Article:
Three of those charged are US citizens. The others come from Estonia, Ukraine, Belarus and China.
The 11 suspects are alleged to have obtained card numbers, account information and password details by driving around neighbourhoods and hacking into wireless equipment. (link)
Published August 5, 2008
copyright , funny , news , technology
Tags: air, appeals, blueport, computer, copyright, court, database, dmca, force, government, piracy, software, us
Last week, a US Court of Appeals upheld a ruling on software piracy. The organization doing the piracy, however, happened to be a branch of the US government, and the decision highlights the significant limits to the application of copyright law to the government charged with enforcing it. Most significantly, perhaps, the court found that because the DMCA is written in a way that targets individual infringers, the government cannot be liable for claims made under the statute.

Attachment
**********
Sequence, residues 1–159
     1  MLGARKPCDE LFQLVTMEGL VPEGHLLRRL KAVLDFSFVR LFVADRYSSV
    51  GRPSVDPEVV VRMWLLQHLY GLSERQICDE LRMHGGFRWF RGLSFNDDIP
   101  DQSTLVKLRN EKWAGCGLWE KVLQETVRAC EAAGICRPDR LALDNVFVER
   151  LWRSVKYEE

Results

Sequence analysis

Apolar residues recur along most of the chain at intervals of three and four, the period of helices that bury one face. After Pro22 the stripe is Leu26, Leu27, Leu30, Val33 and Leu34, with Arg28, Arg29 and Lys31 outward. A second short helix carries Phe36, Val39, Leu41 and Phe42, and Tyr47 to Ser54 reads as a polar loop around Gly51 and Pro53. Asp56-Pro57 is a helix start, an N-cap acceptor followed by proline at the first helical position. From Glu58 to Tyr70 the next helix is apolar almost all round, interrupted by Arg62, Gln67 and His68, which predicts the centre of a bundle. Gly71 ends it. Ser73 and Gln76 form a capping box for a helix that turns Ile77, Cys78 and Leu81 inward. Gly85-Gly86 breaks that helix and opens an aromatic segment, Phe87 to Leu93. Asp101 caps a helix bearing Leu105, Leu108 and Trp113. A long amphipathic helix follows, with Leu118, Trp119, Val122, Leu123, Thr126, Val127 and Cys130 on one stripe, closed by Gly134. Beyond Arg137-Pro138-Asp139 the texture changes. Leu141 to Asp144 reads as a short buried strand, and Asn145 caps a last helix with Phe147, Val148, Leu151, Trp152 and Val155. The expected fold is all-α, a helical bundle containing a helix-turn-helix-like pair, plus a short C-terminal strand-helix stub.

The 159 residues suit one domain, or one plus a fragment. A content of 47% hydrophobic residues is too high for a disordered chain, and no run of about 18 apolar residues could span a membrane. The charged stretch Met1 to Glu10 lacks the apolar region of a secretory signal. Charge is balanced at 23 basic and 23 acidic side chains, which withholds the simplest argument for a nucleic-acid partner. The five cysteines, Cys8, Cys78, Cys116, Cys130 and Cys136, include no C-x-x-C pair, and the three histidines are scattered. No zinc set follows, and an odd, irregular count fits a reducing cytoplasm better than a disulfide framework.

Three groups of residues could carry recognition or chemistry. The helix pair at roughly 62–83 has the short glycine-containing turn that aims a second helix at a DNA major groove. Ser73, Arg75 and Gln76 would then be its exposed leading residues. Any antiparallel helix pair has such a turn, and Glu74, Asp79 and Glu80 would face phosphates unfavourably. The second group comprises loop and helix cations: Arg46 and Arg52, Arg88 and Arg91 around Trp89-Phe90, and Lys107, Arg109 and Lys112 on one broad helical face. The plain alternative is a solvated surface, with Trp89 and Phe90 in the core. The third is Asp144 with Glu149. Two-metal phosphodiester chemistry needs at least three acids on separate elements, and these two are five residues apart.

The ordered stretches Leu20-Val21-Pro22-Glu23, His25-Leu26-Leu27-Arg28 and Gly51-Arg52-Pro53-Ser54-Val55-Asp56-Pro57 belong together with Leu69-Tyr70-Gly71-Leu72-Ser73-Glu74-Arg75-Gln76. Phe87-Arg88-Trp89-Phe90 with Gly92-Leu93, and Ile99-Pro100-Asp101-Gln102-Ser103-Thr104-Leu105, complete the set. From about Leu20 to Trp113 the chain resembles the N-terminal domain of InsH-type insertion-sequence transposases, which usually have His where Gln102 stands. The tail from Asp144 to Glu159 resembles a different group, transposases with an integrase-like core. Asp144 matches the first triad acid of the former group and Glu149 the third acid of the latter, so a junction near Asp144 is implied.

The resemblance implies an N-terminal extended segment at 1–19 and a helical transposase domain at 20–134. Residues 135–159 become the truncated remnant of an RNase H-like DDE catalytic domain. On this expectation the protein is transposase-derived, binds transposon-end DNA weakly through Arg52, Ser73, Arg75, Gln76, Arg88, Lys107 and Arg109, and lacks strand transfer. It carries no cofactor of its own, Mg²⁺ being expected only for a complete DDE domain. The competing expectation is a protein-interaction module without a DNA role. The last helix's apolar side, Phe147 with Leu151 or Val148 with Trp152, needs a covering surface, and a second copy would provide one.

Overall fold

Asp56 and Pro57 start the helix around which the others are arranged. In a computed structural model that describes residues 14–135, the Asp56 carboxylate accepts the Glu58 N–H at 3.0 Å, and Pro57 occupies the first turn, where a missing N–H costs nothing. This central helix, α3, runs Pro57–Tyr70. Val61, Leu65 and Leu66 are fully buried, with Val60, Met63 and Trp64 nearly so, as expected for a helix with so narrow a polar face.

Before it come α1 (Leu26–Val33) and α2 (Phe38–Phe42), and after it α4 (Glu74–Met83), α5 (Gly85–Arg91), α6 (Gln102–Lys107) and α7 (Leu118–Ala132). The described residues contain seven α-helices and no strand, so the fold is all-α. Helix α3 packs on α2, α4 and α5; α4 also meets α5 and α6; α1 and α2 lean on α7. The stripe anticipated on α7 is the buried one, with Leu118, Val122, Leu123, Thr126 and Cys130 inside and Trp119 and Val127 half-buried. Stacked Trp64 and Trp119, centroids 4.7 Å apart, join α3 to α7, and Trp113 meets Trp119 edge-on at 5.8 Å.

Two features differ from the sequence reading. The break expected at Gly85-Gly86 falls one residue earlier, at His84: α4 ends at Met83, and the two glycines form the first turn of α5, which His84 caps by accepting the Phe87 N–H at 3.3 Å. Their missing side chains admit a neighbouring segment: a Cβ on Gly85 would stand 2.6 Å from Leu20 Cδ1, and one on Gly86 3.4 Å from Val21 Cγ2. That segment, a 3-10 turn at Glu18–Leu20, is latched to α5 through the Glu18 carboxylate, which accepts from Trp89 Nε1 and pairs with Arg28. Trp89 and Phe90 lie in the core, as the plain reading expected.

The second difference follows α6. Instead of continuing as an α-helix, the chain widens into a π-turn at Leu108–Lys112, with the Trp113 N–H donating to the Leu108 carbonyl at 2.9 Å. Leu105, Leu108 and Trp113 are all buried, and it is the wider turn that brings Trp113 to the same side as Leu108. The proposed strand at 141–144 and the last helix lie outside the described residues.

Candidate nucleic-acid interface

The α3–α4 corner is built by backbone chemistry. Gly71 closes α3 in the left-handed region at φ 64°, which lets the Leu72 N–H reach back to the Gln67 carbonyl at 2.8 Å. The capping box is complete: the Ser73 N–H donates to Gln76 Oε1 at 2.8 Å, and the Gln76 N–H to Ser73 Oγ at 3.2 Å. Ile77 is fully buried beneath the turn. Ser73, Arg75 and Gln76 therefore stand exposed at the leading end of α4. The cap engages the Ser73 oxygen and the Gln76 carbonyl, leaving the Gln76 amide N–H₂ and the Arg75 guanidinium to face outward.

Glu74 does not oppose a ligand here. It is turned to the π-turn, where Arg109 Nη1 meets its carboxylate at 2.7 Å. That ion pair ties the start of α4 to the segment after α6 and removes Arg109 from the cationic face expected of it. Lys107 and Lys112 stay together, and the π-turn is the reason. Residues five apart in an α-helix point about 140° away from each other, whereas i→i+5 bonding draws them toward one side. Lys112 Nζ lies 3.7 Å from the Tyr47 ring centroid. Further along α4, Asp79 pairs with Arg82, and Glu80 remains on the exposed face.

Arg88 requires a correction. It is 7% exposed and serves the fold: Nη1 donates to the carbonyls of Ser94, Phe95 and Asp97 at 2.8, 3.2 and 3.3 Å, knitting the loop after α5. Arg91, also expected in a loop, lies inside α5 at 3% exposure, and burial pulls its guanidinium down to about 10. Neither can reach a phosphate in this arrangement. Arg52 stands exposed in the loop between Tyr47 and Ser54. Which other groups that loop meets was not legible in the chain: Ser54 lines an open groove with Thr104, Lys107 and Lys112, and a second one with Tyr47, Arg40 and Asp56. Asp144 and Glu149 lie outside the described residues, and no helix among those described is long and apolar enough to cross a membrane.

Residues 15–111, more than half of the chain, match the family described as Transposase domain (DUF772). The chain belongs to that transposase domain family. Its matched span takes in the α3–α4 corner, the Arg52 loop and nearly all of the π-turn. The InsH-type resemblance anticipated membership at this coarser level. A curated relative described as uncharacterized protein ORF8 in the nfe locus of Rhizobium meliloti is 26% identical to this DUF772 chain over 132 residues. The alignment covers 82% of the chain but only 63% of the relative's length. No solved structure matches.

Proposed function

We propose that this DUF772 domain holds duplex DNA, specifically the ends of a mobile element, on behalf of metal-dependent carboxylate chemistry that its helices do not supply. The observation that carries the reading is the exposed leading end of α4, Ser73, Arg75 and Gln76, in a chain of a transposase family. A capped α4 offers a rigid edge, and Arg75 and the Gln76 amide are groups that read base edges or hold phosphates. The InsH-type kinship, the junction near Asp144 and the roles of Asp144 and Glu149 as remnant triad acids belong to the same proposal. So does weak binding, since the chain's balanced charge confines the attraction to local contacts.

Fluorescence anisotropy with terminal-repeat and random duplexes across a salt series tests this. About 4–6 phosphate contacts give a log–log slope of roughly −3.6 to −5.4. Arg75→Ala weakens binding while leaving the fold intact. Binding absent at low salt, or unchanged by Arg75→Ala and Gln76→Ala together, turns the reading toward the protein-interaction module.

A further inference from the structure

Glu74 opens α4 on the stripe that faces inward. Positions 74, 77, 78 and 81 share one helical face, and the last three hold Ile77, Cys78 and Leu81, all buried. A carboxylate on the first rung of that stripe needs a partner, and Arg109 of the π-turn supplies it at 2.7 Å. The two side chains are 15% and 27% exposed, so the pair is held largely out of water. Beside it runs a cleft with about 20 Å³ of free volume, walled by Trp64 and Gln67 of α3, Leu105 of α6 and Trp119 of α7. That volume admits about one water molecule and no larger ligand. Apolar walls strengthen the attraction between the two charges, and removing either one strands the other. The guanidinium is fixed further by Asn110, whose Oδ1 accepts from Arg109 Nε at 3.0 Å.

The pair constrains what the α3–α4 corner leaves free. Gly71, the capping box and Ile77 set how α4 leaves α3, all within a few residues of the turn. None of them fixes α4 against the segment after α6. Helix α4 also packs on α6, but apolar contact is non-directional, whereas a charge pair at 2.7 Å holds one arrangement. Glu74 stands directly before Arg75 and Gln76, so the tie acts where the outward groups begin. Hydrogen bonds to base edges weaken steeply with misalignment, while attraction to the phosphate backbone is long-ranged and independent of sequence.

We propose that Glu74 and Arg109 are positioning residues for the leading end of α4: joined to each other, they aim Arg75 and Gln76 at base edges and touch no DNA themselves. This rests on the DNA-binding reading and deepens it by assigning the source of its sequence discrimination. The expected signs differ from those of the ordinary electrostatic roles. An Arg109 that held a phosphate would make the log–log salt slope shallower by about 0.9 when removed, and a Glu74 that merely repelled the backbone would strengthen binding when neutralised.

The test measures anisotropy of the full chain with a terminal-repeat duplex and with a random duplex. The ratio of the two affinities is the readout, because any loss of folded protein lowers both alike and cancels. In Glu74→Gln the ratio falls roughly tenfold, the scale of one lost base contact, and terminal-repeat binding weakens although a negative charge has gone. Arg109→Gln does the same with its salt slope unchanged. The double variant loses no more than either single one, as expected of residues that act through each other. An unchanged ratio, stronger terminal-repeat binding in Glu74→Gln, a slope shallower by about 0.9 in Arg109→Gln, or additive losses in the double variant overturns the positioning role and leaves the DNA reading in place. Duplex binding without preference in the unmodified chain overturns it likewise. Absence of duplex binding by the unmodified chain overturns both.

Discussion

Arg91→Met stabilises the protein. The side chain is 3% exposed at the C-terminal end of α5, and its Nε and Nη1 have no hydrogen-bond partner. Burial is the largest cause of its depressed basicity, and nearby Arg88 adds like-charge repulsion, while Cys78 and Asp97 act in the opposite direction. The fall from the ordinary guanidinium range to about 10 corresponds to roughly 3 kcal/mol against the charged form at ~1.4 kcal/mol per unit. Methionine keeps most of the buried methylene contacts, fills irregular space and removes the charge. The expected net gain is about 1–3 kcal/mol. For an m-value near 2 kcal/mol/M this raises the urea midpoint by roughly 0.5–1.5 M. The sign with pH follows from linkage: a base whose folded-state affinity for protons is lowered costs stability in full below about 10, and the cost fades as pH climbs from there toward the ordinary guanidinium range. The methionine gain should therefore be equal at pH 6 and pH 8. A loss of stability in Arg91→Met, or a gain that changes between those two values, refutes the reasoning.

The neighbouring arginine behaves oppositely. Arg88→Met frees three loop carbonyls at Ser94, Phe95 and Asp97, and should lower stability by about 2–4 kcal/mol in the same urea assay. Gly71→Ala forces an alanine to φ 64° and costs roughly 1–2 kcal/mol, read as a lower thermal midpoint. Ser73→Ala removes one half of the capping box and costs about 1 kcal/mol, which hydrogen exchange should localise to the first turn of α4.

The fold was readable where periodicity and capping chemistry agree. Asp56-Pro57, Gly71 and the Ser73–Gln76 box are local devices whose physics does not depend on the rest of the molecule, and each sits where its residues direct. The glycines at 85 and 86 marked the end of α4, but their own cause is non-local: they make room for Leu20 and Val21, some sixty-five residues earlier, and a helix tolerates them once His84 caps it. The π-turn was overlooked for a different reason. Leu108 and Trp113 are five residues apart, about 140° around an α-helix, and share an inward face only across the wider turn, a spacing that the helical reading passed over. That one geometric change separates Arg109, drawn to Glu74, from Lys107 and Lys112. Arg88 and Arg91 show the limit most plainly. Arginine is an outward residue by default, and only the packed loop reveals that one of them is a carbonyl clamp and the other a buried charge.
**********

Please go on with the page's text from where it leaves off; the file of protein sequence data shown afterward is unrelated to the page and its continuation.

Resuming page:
The backstory on the case involved, Blueport v. United States, borders on the absurd. It started when Sergeant Mark Davenport went to work in the group within the US Air Force that ran its manpower database. Finding the existing system inefficient, Davenport requested training in computer programming so that he could improve it; the request was denied. Showing the sort of personal initiative that only gets people into trouble, Davenport then taught himself the needed skills and went to work redesigning the system. (link)